Save the Frick Collection's Music Room and Reception Hall
Save the Frick Collection's Music Room and Reception Hall
Why this petition matters
1/20/2020 BREAKING NEWS UPDATE:
The battle to save the Music Room and Reception Hall has just made the news!
Click [here] for New York Daily News reporter Esha Ray's story on a practical alternative to demolition at the Frick.
Click [here] for a new Gothamist piece by journalist Elizabeth Kim.
Click [here] to read a scathing new critique by Catesby Leigh in City Journal.
Click [here] for architect John Massengale's piece in Common Edge.
ON TUESDAY, JANUARY 28, 2020 - THERE IS A CRUCIAL PUBLIC HEARING AT THE NYC BOARD OF STANDARDS AND APPEALS!
PLEASE JOIN OUR MAILING LIST AT SaveTheFrick@outlook.com FOR UPDATES, AND TO LEARN HOW YOU CAN HELP.
SUPPORT THE DESIGNATION OF THESE INTERIORS AS OFFICIAL NYC LANDMARKS
Two beloved rooms at the Frick Collection–the Music Room and Reception Hall–are currently at risk of demolition as the museum undertakes an extensive expansion project helmed by Selldorf Architects.
The Music Room has long served as the city’s best performance space for small classical recitals and chamber music. Its architect, John Russell Pope, endowed the circular, top-lit domed room with the same graceful proportions and decorative program used throughout the Frick Collection’s adjacent galleries, seamlessly knitting it within a larger ensemble and situating it just off the Garden Court.
The room’s intimacy and acclaimed acoustics prompted the New York Times music critic Anthony Tommasini to deem it “uniquely suited to chamber music” in his June 29 column, and called it “the closest thing to a 19th century music salon this city has to offer.”
Click here to read it: As the Frick Expands, New York City Music Suffers.
For over 80 years, numerous artists have made their American debut in this beautiful, culturally significant space, and “Concerts from the Frick” has delighted both radio broadcast audiences and recording artists as well. Generations of concertgoers have been charmed by recitals in this intimate room inside the mansion.
Under the Frick’s latest proposal, the Music Room would be replaced by galleries devoted to special exhibitions. Unfortunately, these proposed galleries will not only gut Pope's elegant round room and do away with its distinctive dome and skylight, but they lack the careful attention to detail one finds in Pope’s Music Room and fail to harmoniously integrate with the rest of museum. This is particularly ironic, because John Russell Pope designed the Music Room to function as both a gallery and recital hall. The loss of the Music Room will be keenly felt by music and architecture lovers alike. Historic preservation advocate Theodore Grunewald has stated that “destroying the Frick’s Music Room would be an erasure of New York City’s cultural and civic memory.”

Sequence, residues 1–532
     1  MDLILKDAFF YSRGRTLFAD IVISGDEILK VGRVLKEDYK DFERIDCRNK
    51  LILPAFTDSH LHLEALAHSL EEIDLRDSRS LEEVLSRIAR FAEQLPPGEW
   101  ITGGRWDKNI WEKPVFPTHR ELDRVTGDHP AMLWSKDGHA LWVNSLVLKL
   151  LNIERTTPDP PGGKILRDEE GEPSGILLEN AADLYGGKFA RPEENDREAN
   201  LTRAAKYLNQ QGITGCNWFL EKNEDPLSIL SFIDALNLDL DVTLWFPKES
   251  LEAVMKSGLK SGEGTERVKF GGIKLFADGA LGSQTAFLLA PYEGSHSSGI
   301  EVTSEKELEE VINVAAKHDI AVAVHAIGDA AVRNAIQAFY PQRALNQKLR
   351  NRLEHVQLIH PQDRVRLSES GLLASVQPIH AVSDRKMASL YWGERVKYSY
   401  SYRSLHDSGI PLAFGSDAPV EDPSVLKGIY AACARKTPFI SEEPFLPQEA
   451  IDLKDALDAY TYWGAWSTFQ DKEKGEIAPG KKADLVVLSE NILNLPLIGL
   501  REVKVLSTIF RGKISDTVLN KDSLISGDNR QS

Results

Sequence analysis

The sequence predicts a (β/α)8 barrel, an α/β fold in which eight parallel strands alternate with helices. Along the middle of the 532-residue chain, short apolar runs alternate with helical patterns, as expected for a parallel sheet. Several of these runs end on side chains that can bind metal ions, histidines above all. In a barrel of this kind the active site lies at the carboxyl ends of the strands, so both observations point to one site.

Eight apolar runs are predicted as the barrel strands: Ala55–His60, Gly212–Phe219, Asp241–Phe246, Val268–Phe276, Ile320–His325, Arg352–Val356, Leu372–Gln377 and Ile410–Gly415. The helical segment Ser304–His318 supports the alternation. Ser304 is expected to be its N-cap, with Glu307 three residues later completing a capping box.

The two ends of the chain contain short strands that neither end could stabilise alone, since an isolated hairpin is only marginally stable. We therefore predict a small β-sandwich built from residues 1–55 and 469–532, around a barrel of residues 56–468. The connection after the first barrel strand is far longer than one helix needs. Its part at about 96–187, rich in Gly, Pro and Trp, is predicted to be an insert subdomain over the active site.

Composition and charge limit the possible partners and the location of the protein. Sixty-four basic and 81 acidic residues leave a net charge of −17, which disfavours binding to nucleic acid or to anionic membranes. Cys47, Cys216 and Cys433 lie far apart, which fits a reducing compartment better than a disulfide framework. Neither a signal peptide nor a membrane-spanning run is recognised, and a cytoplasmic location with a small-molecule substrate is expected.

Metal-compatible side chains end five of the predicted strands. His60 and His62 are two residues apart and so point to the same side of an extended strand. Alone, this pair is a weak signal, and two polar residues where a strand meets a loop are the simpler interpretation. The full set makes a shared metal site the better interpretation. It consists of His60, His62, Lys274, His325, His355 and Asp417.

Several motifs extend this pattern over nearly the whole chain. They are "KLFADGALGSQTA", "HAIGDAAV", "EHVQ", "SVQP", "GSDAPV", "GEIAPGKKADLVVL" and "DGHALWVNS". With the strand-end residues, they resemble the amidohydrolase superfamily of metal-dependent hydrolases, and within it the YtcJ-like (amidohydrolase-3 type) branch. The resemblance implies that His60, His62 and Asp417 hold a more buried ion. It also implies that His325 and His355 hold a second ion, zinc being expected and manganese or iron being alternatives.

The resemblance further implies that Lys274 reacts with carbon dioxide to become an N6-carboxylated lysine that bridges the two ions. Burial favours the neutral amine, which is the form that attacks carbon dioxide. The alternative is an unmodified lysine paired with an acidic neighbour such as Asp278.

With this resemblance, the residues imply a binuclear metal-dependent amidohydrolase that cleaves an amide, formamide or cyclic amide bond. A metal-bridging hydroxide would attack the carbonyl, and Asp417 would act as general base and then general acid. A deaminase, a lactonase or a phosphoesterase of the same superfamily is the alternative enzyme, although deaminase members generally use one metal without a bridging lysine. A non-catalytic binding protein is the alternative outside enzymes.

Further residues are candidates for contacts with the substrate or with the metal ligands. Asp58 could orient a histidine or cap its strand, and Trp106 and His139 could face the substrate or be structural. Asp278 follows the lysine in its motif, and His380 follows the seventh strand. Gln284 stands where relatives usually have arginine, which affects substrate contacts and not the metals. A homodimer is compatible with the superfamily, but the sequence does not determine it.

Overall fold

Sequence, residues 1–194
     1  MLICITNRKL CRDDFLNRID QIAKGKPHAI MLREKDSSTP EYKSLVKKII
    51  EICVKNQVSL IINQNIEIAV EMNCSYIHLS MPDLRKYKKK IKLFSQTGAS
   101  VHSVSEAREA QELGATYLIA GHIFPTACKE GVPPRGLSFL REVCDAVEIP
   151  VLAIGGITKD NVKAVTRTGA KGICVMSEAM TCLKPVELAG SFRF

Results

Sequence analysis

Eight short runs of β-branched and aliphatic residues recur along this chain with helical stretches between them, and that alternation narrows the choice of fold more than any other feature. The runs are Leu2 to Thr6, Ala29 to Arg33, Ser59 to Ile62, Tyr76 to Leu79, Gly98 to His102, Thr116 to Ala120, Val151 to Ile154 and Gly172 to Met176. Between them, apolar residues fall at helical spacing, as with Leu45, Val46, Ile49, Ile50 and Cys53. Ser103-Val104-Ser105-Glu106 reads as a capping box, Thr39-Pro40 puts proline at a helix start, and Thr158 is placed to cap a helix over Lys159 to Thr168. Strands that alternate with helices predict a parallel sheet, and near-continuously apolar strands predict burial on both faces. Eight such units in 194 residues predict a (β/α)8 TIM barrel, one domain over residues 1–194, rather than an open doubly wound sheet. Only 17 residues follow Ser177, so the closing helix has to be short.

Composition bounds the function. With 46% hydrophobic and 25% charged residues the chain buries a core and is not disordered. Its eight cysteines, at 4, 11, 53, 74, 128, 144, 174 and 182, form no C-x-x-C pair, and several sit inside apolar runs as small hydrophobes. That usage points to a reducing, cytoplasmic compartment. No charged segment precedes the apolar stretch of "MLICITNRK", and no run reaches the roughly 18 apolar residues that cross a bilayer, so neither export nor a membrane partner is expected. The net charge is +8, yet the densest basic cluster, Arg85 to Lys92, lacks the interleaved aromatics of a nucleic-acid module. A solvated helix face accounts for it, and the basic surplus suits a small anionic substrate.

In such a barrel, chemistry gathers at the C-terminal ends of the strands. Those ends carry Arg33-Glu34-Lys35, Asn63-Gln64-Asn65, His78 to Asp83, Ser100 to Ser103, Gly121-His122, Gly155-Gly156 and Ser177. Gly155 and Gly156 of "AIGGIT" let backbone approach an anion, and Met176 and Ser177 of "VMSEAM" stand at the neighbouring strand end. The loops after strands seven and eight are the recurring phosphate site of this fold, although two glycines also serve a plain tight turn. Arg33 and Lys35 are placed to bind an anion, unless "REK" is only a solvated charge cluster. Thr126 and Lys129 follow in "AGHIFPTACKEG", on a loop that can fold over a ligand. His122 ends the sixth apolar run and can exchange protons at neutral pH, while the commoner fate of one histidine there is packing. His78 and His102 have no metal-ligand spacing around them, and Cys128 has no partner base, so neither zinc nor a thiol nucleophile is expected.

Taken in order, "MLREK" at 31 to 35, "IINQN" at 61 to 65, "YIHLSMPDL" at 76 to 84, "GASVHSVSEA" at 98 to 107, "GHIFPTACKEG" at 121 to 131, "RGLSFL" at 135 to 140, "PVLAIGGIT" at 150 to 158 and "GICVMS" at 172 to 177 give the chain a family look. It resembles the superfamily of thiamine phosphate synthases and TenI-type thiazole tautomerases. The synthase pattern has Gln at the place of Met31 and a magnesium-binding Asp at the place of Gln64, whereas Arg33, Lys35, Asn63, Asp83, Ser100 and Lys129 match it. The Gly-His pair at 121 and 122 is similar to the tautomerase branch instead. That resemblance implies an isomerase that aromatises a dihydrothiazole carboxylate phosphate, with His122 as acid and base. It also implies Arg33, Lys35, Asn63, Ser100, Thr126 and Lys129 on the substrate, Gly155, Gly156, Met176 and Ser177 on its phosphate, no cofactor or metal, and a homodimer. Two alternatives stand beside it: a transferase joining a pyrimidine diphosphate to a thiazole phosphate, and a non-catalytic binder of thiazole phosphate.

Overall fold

Equally alarming, the Frick’s latest plan would gut the Reception Hall designed by John Barrington Bayley in 1977. Overlooked by the architectural establishment, and the only surviving work of this architect, Bayley’s Reception Hall represents a radical departure from the modernist precepts of its day. Richly appointed in boiserie, its design seemingly transports a Louis XIV-style pavilion straight from Versailles to the New York City, offering visitors the ideal Classical “picture frame” for viewing the Russell Page garden. It has been identified as an important prefiguration to the Postmodernist movement, and critic Paul Goldberger in his 1979 book The City Observed: New York: A Guide to the Architecture of Manhattan, pointed out that creating a true classical pavilion in the 1970s was “a daring idea.”
“It might have seemed ridiculous to some architects at the time, but," as Goldberger notes, “Modern architecture is a fallen angel, and what there is of an architectural vanguard seems more concerned with turning back to history again.” On its opening in 1977, then-New York Times architecture critic Goldberger noted the Reception Hall “was built as seriously as anything by the eclectic architects of the American 1920s...a worthy effort, rich in visual pleasure" and called it "an important milestone in the steady movement away from a world of just-steel-and-glass modernism.”
WHAT CAN BE DONE?
The New York City Landmarks Preservation Commission has rejected a 2018 Request For Evaluation (RFE) to designate these spaces as interior landmarks, preserving them for future generations. We believe that the agency should reconsider this RFE and calendar these rooms for a landmark designation hearing without delay.
Just as retaining the Russell Page garden has resulted in a more refined plan, preserving these two special rooms would significantly improve an expansion that can still benefit from public input. Alternatives exist. It’s not too late to adjust plans accordingly.
Efforts to save the Music Room and incorporate it into the new plan are supported by historic preservation groups including the Historic Districts Council and the Society for the Architecture of the City.
On June 29, Vanity Fair architecture critic Paul Goldberger tweeted: "Although I have supported the Frick’s latest renovation plan (and continue to) I have become convinced that it should be revised further to save John Russell Pope’s exquisite music room."
Please join us and sign this electronic petition urging the New York City Landmarks Preservation Commission to designate these rooms as interior landmarks as soon as possible.
If you prefer to write to the NYC Landmarks Commission directly, please send comments to this address below. As a courtesy, please cc: your letter to SaveTheFrick@outlook.com
Kate Lemos McHale
Director of Research
New York City Landmarks Preservation Commissioners
1 Centre Street, 9th Floor North
New York, NY 10007
- Chair Sarah CarrollNew York City Landmarks Preservation Commission